[“SHARE” APR – JUN 2019 ] JOIN HANDS JOIN HEARTS
We put on armors to fight to eliminate harmful traditional practices
Subvert the harmful influences and effects
We are united and determined to take actions
Because we are now well awaken to the scourge.
Ignorant people in the past
Have been badly harmed by them
Because they did not know any better.
Ignorant people in the past believed
Harmful traditional practices were good for them
When indeed their lives were at stake.
Female Genital Mutilation is a major harmful practice.
Sugar-coated as prestigious and noble,
FGM suffocated our mothers
We regret and repent for the harm incurred.
FGM steals away sexual pleasures, corrupts marriages
And adds complications to child birth.
(Lyrics edited by CEDAR Fund, originally written by a member
from the ant-FGM group in Ethiopia.)
Under the warmth of the bright and serene sun, a group of Ethiopian village and school girls stood before a hundred villagers, and sang the above song with shiny smiles and beaming faces. Some of them had a uniformed yellow T-shirt on, where the slogan “STOP Female Genital Mutilation” was displayed clearly in the local language. This day was the special day of village education day, and also the performance day of the advocacy club.
Continue reading We are awake: STOP Female Genital Mutilation (FGM)
[“SHARE” APR – JUN 2019 ] FOCUS ~ Community Development & Advocacy
Written by: Lai Ka Chun
In mid-2018, a junior football team and their assistant coach were rescued after 18 days in Tham Luang Nang Non cave in Chiang Rai Province, Thailand. Their 25-year-old coach’s care in the cave was indispensable. This incident made the coach a hero in Thais’ hearts. However, this coach was originally stateless, as well as the other 3 boys, who had no Thai citizenships.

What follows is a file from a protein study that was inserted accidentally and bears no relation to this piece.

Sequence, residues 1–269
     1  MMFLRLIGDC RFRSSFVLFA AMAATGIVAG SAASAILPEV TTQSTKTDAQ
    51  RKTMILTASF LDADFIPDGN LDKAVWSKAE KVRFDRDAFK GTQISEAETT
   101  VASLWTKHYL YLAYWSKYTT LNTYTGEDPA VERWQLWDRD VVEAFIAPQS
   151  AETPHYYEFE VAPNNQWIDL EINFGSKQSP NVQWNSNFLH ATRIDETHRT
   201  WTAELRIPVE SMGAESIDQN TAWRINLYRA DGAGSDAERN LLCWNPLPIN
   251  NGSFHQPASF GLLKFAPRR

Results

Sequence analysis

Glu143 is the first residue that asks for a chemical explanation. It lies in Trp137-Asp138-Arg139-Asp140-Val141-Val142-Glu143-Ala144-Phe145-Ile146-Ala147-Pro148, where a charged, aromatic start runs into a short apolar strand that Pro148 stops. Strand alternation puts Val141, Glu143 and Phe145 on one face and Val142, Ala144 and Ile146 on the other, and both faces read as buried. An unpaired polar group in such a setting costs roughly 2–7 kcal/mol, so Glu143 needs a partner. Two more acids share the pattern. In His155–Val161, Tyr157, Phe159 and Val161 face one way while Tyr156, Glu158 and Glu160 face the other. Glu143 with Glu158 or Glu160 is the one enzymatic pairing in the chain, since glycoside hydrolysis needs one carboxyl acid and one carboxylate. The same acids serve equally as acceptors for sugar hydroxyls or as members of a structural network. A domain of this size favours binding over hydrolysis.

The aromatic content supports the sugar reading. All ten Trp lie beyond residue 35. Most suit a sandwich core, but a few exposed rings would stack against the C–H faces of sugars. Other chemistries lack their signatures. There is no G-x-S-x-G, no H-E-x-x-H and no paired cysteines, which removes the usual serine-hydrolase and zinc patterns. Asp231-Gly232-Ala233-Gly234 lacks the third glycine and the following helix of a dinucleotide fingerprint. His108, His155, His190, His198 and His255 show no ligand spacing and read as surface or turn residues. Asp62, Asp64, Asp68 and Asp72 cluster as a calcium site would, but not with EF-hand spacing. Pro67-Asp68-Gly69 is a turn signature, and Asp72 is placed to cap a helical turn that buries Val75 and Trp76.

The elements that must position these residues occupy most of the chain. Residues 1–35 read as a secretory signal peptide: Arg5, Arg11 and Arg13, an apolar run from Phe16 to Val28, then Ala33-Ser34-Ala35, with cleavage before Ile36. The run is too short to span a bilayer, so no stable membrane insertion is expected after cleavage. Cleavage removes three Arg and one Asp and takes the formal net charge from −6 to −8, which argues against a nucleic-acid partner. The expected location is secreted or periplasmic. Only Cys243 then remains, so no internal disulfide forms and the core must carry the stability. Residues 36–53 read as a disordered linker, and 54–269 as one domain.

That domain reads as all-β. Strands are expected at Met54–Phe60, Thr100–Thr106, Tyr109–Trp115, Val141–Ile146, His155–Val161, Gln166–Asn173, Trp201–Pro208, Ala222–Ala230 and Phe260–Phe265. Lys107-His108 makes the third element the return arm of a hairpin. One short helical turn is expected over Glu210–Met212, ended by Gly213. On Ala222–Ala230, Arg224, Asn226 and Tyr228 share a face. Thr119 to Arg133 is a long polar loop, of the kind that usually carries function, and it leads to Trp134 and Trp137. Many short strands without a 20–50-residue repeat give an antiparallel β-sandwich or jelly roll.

Continue reading “Hill tribes’ Blood is in My Veins.” – An Advocate Walking Alongside Marginalised Hill Tribes
(Starry sky in a Thai-Myanmar border town)
(CEDAR’s note: The writer, Dr Ho Shun Yee, joined CEDAR’s Exposure Trip to the Thai-Myanmar border towns and the northern regions in Thailand at the end of last year. In this article, Dr Ho shares her experience and thoughts about the tour. CEDAR will host another in-depth tour to Bangladesh to visit the poverty-stricken communities. For more information, please visit: https://cedarfund.org/trip/)
In mid-December 2018, more than ten of us from CEDAR arrived at the Thai-Myanmar border – a place that turned out to be quite different from the land of orchids, Thai silk, massages and water fights that most people would have in mind when the place is mentioned. There were cloud-shrouded mountains and singing streams, but what we heard was a song of a thousand sorrows from the border towns. Yet, in a way, it was also a song of hope.
Continue reading 2018 CEDAR’s Exposure Trip – A Tale of the Border Towns
CEDAR’s partner EFICOR formed and supported the Disaster Management Committees(DMC) in 15 villages of Hasanpur block of India. DMC mmember Mr. Buchi Thakur (centre) is helping women, widows, old people, and people with disability in his village to access pension and other government entitlements
When confronting natural disasters, impoverished people are often the most vulnerable group. It is especially difficult for them to cope with disasters due to a lack of resources and knowledge, resulted from limited education. Although public resources are available, they may not be aware of it and do not know how to access. CEDAR’s partner organisation in India has witnessed the difficulties of poor people in obtaining information and government assistance.
Continue reading Let Indians voice their right to information: Christian group bridges government and villagers
Living in a Hindu country with the caste system, the women of Nepal were traditionally being oppressed. They had a far lower chance to receive education and employment than men. In the worst case, some women in the countryside had to gain permission from their husbands and in-laws for things as trivial as leaving the house, hence they were mostly bound to the kitchens and farms.
Continue reading The Long-awaited Change of Gender Inequalities in Nepal
A mere thought of the procedure of Female Genital Mutilation (FGM), where a woman’s labia and clitoris are completely or partially removed, causing her virginal opening to be largely covered by the healing scar tissues, casts no doubt on the brutality of such practice. It is further heart breaking to think that the procedure was done to “ensure” pre-marital puberty. Places such as Ethiopia traditionally practices FGM where countless females were damaged both physically and mentally, with the resulting increased birth complication risks and pain during sexual intercourse.
Continue reading Liberating Female’s Body and Soul from Genital Mutilation